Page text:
Pete Townshend feels ghosts of dead bandmates
Pete Townshend can still "feel the ghosts" of his dead bandmates when he plays live with The Who
Pete Townshend can still "feel the ghosts" of his dead bandmates when he plays.
The Who guitarist can sense the presence of drummer Keith Moon - who died of an overdose of prescription medicine in 1978 - and John Entwhistle, who passed away in 2002 from a cocaine induced heart attack, when he takes to the stage with singer Roger Daltrey perform live.
He told Rolling Stone magazine: "We feel the ghosts of Keith and John."
Referring to drummer Zak Starkey - son of The Beatles legend Ringo Starr - who has played with the group since 1996, he added: "The second phase of the Who was really when we started to tour again around the year 2000, 2001.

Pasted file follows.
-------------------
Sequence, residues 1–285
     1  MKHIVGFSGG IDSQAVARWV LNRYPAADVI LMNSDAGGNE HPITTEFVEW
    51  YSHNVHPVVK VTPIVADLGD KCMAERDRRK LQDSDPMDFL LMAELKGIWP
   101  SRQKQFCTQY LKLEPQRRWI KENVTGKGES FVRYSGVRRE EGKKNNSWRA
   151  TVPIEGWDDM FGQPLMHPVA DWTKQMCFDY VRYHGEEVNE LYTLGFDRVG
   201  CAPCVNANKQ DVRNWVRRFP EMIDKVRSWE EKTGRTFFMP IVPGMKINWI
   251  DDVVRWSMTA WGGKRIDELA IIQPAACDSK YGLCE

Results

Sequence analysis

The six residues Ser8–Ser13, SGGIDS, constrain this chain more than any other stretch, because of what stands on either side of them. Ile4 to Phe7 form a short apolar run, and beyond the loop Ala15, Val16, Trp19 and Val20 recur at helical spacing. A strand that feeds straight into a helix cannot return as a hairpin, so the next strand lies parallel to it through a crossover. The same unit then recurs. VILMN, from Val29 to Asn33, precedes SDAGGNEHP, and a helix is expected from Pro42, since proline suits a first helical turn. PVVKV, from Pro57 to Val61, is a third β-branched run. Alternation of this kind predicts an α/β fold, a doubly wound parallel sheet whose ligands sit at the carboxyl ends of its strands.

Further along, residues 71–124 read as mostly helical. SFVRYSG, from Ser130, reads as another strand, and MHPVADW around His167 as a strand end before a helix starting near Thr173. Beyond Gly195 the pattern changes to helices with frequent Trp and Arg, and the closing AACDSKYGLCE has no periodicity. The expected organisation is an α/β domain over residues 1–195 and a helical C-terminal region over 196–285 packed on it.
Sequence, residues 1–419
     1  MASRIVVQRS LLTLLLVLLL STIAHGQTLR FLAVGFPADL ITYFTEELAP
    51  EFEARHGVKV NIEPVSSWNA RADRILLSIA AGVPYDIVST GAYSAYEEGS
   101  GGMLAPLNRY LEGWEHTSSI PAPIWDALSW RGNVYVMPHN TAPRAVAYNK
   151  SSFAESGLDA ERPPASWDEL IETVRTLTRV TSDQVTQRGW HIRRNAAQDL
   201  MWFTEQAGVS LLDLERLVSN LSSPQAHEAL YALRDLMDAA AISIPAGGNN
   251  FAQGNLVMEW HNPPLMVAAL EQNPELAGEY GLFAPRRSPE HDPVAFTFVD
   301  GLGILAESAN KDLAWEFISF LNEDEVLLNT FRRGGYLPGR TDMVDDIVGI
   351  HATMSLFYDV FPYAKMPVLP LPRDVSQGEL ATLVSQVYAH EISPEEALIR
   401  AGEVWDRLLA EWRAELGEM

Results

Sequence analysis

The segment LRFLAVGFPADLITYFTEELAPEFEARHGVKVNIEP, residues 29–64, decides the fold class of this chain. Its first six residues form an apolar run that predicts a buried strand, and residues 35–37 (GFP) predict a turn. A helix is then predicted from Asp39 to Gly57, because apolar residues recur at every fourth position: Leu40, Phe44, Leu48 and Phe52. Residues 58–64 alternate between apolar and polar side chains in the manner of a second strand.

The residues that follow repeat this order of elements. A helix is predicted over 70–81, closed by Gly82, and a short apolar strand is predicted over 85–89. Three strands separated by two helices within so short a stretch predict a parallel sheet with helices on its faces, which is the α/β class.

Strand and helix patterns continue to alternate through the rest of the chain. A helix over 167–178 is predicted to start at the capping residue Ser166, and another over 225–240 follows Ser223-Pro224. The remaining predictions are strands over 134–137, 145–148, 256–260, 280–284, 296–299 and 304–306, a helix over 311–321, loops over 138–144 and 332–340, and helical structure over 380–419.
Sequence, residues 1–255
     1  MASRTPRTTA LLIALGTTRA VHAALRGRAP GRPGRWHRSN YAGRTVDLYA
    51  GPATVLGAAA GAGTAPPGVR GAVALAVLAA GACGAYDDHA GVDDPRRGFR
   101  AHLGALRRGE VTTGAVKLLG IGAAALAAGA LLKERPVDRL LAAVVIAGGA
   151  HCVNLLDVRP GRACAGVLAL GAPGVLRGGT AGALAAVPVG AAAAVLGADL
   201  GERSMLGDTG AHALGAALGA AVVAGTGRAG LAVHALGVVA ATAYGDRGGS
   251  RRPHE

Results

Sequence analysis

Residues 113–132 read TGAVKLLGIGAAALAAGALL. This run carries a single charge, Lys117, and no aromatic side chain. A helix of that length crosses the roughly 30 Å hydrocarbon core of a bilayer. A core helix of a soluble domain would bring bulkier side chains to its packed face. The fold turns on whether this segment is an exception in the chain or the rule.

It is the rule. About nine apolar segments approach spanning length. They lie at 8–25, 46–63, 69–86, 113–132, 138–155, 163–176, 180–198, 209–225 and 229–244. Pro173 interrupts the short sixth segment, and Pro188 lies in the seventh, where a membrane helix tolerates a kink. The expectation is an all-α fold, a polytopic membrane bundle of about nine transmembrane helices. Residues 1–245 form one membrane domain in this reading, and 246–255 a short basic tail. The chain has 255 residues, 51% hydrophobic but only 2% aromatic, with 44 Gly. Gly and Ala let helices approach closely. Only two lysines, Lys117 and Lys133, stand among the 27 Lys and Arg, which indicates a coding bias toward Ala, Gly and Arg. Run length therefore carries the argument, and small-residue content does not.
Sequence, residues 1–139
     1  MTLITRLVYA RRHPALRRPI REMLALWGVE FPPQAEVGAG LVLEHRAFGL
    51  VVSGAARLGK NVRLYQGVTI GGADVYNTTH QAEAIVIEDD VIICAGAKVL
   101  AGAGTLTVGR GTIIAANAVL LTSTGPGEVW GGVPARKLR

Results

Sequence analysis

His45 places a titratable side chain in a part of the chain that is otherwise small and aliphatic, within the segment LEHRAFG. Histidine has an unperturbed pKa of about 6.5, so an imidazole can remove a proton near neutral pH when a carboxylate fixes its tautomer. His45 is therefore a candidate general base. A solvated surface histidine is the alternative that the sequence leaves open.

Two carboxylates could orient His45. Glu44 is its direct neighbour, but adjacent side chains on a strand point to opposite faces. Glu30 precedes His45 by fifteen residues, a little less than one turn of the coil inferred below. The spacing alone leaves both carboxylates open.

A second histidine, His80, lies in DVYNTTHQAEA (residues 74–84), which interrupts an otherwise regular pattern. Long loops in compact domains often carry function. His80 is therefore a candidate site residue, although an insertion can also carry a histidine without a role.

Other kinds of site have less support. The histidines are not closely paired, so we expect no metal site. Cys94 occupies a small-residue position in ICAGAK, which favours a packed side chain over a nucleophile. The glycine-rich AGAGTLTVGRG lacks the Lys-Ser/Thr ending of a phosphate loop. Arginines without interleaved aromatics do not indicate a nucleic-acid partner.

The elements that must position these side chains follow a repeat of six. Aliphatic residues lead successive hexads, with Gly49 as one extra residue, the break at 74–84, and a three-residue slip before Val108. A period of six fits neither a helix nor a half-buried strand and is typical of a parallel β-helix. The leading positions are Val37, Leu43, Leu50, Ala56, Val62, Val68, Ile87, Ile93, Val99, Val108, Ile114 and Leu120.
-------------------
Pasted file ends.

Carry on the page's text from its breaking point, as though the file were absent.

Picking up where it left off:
"We were still able to evoke the sound, particularly with Zak Starkey. Now it's much more difficult even though Zak's there. John's sound was very big and rich and organic. When John died, there was a hole in the sound onstage and I was able to grow into that and find space.
"And I have to say as a guitar player, I prefer working without John. But as a member of The Who creating the incredible, powerful, driving, visceral sound, he's gone. I can't really do that again."
Pete is currently concentrating on writing a musical, but also still writes plenty of new songs.
He said: "I write lots of music, I record lots of music. I probably write a song every couple of days. I have a very big archive of unfinished material."